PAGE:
Survey Says 75 Percent of Americans Still Prefer Paper Books to eReaders

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News Posted: Sun, Jul 21 2013 12:17 PM
It's easy to view the overall decline in the print newspaper business, coupled with the surge in e-reader and tablet ownership, as a death knell for paper books. After all, the printed word has been around for so long, that surely it must be on its way out -- right? Well, perhaps in some instances, but not in others. A new Rasmussen Report suggests that three in four U.S.-based readers "still prefer a traditional book over an electronic book-reading device and continue to reads books that way."


The report is based on a telephone survey, and it found that 75% of American Adults would rather read a book in a traditional print format than on an electronic book-reading device like a Kindle. Fifteen percent (15%) prefer reading on an electronic device. Ten percent (10%) are undecided. The survey of 1,000 Adults was conducted on July 11-12, 2013, but it's important to note that this is simply showcasing preference. The reality of how exactly people do read can often be different. For example, many may prefer a full desktop with a 30" LCD monitor, but due to cost and mobility constraints, those same folks end up relying on a notebook.

For those who travel, hauling around a paperback can be more of a burden than hauling around a multi-faceted e-reader or tablet. Still, semantics aside, it's quite interesting to see the love for print. We suspect it'll continue to fade as newer generations become the majority and that nostalgic love for print begins to fade.
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I've read more books in the past year on my Nexus 7 than i've read in my entire life.

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I think this has to do with a generation gap more than anything. Older generations are less tech savvy and are less likely to use a e-reader. But the older generation is also probably the largest consumer of books.

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Question! What's an eReader?

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Dave_HH replied on Sun, Jul 21 2013 2:20 PM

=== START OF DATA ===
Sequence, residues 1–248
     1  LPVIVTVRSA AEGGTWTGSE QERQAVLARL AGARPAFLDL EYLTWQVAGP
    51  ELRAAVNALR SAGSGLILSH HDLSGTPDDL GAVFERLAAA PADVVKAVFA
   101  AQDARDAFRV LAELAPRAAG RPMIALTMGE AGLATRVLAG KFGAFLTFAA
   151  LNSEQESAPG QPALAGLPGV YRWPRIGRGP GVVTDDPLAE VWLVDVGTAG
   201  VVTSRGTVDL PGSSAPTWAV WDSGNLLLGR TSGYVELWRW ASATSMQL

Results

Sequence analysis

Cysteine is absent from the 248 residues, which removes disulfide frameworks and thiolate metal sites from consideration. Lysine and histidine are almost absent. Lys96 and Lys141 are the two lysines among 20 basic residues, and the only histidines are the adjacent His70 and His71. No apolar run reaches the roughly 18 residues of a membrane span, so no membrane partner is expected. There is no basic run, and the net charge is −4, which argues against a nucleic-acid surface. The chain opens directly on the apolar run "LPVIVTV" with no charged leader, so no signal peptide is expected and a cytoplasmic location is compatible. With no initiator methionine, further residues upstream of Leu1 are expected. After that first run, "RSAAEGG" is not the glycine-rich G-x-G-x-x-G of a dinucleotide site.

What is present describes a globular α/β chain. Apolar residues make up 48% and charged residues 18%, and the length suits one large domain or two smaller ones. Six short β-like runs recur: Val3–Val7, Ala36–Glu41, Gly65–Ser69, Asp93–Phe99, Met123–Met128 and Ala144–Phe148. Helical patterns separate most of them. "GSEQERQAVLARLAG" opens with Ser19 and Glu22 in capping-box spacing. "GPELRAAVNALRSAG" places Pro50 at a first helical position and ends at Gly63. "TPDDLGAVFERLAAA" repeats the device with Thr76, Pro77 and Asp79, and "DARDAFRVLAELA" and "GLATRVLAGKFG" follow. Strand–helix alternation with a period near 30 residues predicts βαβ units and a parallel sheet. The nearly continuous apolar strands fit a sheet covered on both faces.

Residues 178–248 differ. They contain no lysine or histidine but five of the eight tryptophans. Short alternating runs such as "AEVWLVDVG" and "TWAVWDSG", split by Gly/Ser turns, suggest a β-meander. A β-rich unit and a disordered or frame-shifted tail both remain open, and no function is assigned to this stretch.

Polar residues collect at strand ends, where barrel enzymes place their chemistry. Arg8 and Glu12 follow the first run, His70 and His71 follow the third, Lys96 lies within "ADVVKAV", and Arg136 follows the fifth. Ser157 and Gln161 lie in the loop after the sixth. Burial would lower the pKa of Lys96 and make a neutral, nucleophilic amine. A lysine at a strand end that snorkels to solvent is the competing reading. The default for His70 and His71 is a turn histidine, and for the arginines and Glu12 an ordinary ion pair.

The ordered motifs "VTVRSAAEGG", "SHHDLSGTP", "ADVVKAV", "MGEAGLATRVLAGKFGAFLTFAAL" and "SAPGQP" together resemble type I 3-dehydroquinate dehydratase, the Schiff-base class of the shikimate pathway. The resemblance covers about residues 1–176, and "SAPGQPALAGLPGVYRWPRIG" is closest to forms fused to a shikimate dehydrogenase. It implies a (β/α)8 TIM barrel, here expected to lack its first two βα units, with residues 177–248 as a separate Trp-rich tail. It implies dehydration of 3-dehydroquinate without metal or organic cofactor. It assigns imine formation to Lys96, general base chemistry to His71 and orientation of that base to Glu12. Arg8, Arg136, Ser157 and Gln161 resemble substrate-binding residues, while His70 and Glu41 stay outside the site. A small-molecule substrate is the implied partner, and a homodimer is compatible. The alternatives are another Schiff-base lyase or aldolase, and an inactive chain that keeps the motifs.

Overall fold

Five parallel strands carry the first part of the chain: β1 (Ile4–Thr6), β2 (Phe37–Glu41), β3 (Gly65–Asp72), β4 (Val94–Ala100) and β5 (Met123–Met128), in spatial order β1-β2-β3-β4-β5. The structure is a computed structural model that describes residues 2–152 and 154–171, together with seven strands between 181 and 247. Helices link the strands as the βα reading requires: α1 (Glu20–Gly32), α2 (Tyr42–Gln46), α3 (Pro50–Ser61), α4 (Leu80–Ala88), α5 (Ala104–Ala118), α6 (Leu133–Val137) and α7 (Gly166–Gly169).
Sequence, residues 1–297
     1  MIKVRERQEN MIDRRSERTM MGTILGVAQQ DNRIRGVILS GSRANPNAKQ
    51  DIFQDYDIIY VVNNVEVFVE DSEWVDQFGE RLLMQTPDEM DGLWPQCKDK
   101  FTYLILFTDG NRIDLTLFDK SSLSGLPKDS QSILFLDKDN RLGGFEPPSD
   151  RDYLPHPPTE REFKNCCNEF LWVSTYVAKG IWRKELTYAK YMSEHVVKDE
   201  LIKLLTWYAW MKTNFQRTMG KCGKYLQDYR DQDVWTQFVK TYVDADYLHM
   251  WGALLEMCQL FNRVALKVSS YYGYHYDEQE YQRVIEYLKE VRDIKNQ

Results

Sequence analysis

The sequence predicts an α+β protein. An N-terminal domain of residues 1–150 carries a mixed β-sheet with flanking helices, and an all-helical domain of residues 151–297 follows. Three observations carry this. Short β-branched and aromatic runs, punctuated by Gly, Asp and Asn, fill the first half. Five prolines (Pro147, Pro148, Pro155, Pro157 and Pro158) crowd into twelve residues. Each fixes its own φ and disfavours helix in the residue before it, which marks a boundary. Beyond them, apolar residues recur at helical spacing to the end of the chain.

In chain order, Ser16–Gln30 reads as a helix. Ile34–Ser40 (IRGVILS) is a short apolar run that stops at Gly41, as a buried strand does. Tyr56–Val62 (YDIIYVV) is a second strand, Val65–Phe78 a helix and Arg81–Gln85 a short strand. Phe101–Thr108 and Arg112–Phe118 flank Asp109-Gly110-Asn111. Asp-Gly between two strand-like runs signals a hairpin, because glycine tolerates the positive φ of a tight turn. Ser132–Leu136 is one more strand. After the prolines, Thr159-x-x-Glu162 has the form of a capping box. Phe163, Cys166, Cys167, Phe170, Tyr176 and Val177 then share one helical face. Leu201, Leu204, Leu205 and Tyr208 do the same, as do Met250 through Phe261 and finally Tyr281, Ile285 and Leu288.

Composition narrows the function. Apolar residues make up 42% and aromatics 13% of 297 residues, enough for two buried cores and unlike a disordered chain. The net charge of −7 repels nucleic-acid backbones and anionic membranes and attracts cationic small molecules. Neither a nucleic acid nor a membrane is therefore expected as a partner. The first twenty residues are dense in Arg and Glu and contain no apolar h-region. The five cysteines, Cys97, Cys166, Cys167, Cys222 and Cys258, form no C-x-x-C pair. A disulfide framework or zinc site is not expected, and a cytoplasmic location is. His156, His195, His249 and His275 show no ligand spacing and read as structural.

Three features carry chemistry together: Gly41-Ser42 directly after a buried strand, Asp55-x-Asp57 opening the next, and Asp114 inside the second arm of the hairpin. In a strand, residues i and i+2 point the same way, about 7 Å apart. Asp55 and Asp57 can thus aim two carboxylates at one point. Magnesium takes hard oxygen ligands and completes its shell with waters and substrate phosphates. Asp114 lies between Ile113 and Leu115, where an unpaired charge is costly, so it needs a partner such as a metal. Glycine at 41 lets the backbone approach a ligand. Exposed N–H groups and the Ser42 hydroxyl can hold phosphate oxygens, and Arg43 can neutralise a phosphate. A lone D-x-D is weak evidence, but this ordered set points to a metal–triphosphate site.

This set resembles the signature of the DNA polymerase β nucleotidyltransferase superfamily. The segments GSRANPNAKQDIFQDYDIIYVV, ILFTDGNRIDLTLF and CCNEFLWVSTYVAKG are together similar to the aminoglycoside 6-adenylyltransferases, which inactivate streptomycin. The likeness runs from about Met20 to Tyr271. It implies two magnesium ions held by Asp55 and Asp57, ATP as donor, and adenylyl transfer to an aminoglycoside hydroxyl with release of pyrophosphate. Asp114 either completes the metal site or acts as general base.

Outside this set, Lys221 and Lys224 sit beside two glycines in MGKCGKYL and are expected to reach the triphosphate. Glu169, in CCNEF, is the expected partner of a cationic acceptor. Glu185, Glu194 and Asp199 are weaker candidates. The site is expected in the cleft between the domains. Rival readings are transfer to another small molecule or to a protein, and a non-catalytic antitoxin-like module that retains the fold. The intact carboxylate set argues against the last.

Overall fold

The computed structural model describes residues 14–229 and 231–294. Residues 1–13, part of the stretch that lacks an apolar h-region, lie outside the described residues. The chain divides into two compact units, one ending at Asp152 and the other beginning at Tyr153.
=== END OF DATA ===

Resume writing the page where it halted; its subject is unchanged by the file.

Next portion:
Come one now Shannon. :)  http://en.wikipedia.org/wiki/E-book_reader

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realneil replied on Sun, Jul 21 2013 3:30 PM

I use the heck out of my Kindle. I can carry dozens of books in it at once, and it's easy on my eyes too.

I do still read the occaisional paper book, but not that often anymore.

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SNeese replied on Sun, Jul 21 2013 8:34 PM

The only time I use an ereader is when I travel. Other than that, it is paper all the way.

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ajm531 replied on Sun, Jul 21 2013 10:21 PM

theres still no feeling like turning the crisp page of a printed book that you really like that an electronic device can replace. But i see what they are saying about the difference in preference what people actually use. Lets see carry(lets use a small number) 3 good books that ive been wanting to take on my trip which makes my backpack heavier and takes ups more space or take 2lb kindle or other smaller tablet and have those 3 books plus a 1000 others to chose from with more space and less weight.... clearly the choice becomes easier and easier.

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I fall asleep fast reading either one ;)

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Jaybk26 replied on Mon, Jul 22 2013 4:24 PM

My tastes have slowly been changing with use, while I used to loath e-readers, I personally love the convenience of having a book in electronic format on my smartphone. As I get busier I'm also moving towards audio books, even though they used to drive me up the wall. Funny how things can change.

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Clixxer replied on Wed, Jul 24 2013 5:40 PM

RandyMorningstar:

I think this has to do with a generation gap more than anything. Older generations are less tech savvy and are less likely to use a e-reader. But the older generation is also probably the largest consumer of books.

You hit the nail on the head IMO. Difference also is the space books take up. I got atleast 4-5 medium u-haul boxes out in the garage that I don't have the space to put anywhere. I don't like e-readers that much (I've never had a kindle so I can't completely judge them) but overall its alot more efficient if you are used to it.

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I still prefer paper books and the fell of turning the page. I also love the smell of crisp books. I only use Kindle for short stories that are not in print form. Books also have tangible value while e books are like book club editions which are worthless to collectors.

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